Washington-Light streamed into the high-ceilinged offices on a surprisingly bright late February afternoon. Exactly one month into a new administration, President Bush's Office of Faith-based and Community Initiatives opened for business next door to the White House, and its staffers were padding around on clean carpets with new badges on chains around their necks.
The badge photos captured the deer-in-the-headlight look of driver's license art. That was appropriate since office head John DiIulio and his fellow bucks sensed that vehicles from many directions were intent on running them down. Pundits on the left were pressing Uncle Sam-I-am: Will you fund green eggs and ham? Is all this faith-based stuff a sham? Will some church get a new computer? Will that be OK with David Souter?
The left's play-it-both-ways argument was clever: Churches are so strong that they'll take over government, and so weak that government will take over them. Then The New York Times front-paged a new dimension with a scare story about Scientologists possibly tapping federal funds. Pat Robertson jumped at that bait: What if cultists want a grant? Should my taxes fund their rant?
Non-stop flak-catching has its hazards. Mr. DiIulio, planning to hop a plane to give a speech in Florida, saw that when the spirit is willing the flesh may still be weak: A 103.5 degree fever made him forgo his travel south. But the next day he was back at his very difficult tightrope job, trying to pacify critics from both left and right, most of whom have a common concern: Will it be legal to talk about Christ in any program that receives federal support? Once again, Christ is salvation for some and a stumbling block for others.
Mr. DiIulio is trying to head off criticism by emphasizing his immediate priority of auditing federal agencies to find out which rules and practices hinder faith-based groups. Regulatory reform has priority over grant-making, and that is as it should be: The Clinton administration policy of stopping food deliveries and yanking back grants to evangelical homeless shelters needs rapid reversal.
The grant-making aspect is trickier, and the historical record suggests that it's as difficult to get a government grants program right as it is for a camel to fit through the eye of a needle. Already, Mr. DiIulio has missed to the left at least twice, making anti-evangelizing comments on Jan. 29 and again on Feb. 26 (see p. 7) that pleased liberals but upset some of President Bush's core supporters. In response to WORLD inquiries, Mr. DiIulio's office did give WORLD a clarifying statement noting that programs involving "religious instruction or worship" will not be "redlined or disqualified so long as they're able to compartmentalize or segregate those components and show that no taxpayer funds support those activities."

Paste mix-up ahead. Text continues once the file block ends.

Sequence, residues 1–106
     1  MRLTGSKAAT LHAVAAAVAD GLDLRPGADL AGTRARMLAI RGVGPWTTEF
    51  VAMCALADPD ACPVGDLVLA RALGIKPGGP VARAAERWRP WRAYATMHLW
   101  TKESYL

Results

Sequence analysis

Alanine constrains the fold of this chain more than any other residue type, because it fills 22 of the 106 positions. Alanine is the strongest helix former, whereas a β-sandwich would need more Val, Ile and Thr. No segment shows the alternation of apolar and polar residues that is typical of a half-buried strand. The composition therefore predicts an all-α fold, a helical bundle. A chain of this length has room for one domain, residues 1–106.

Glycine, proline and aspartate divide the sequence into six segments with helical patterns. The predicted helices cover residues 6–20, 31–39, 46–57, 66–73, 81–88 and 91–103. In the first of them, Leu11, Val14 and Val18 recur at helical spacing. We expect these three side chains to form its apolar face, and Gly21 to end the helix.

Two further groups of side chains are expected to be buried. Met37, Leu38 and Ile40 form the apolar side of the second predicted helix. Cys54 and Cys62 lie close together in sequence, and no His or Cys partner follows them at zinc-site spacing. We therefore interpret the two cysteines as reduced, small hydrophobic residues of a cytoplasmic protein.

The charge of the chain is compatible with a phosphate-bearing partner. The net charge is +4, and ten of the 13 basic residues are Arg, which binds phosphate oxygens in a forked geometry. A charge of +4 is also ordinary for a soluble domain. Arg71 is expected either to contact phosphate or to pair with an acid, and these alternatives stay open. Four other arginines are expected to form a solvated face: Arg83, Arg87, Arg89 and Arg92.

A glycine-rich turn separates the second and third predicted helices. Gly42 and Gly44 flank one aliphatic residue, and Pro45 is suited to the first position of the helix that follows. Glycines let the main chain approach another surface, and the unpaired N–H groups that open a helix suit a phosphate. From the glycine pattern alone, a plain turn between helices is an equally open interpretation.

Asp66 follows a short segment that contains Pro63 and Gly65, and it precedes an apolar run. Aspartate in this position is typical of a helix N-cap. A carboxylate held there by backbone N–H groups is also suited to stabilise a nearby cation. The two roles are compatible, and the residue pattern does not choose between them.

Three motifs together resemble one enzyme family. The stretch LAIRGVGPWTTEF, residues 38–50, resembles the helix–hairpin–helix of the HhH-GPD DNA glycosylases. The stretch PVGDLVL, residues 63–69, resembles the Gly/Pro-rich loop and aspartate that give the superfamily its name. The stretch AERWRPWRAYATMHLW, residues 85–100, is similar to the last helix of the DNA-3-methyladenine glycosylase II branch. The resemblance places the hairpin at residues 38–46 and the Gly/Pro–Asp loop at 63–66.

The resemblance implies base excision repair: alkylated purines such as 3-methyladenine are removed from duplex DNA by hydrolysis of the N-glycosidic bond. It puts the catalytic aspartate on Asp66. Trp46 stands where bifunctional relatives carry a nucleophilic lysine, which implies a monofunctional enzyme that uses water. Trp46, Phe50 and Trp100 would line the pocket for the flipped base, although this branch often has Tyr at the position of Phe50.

The difficulty, of course, will arise in programs like those of Teen Challenge that have the leaven of Christ mixed all through the dough. But following the anti-redlining sentence came an intriguing paragraph that might provide a way out: "A superior solution, which the president has championed for years, is voucherizing." Provision of vouchers, which lets beneficiaries choose from among a variety of religious and secular programs, is "a much cleaner, tidier way to sidestep all these nettlesome church-state issues."
Superior, cleaner, tidierÉ very true. And maybe the difficulty in trying to please all sides will lead the administration to push for social service vouchers and for the tax code changes within the Bush plan, which includes expanded deductions for charitable contributions and incentives for states to create charity tax credits as well. That's a great approach, one that could grow to include federal income tax credits for poverty-fighting. That way, theists would not be compelled to support Scientology and non-Christians would not be compelled to support Christian efforts.
Some people demand that new initiatives work perfectly from the start, but the faith-based learning process has barely begun. Maybe the lesson being taught so far is that since America is still going through a culture war, an emphasis on taxpayer choice (thus credits) and beneficiary choice (thus vouchers) is the way to go. Mr. DiIulio will get better at walking the tightrope, but why not walk on solid ground by emphasizing the parts of President Bush's vision that could receive support from left, right, and center?
The press has an important role to play here. So far, the typical story about the faith-based initiative has skipped by phase one regulatory reform, missed the opportunity presented by tax credits and vouchers, and dwelt on grant-making. So far, reporters have emphasized potential conflict among faith-based advocates instead of delving into the nuances. That's not surprising, but just as the devil is in the details of most legislation, so in this case the angel is in the details-and it's vital to get things right.